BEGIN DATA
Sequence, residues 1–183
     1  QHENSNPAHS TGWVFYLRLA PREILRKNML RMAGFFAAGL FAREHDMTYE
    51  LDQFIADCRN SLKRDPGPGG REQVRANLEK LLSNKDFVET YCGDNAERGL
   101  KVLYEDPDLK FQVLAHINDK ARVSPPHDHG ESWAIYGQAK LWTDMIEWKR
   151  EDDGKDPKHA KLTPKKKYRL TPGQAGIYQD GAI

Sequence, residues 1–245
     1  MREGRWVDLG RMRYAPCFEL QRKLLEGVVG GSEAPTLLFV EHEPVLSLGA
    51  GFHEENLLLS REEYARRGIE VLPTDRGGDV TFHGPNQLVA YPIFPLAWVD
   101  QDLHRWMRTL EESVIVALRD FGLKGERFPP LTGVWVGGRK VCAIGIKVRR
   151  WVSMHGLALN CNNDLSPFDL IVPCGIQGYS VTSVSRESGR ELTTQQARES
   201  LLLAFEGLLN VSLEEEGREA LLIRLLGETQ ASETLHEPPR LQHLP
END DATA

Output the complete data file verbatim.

Sequence, residues 1–183
     1  QHENSNPAHS TGWVFYLRLA PREILRKNML RMAGFFAAGL FAREHDMTYE
    51  LDQFIADCRN SLKRDPGPGG REQVRANLEK LLSNKDFVET YCGDNAERGL
   101  KVLYEDPDLK FQVLAHINDK ARVSPPHDHG ESWAIYGQAK LWTDMIEWKR
   151  EDDGKDPKHA KLTPKKKYRL TPGQAGIYQD GAI

Sequence, residues 1–245
     1  MREGRWVDLG RMRYAPCFEL QRKLLEGVVG GSEAPTLLFV EHEPVLSLGA
    51  GFHEENLLLS REEYARRGIE VLPTDRGGDV TFHGPNQLVA YPIFPLAWVD
   101  QDLHRWMRTL EESVIVALRD FGLKGERFPP LTGVWVGGRK VCAIGIKVRR
   151  WVSMHGLALN CNNDLSPFDL IVPCGIQGYS VTSVSRESGR ELTTQQARES
   201  LLLAFEGLLN VSLEEEGREA LLIRLLGETQ ASETLHEPPR LQHLP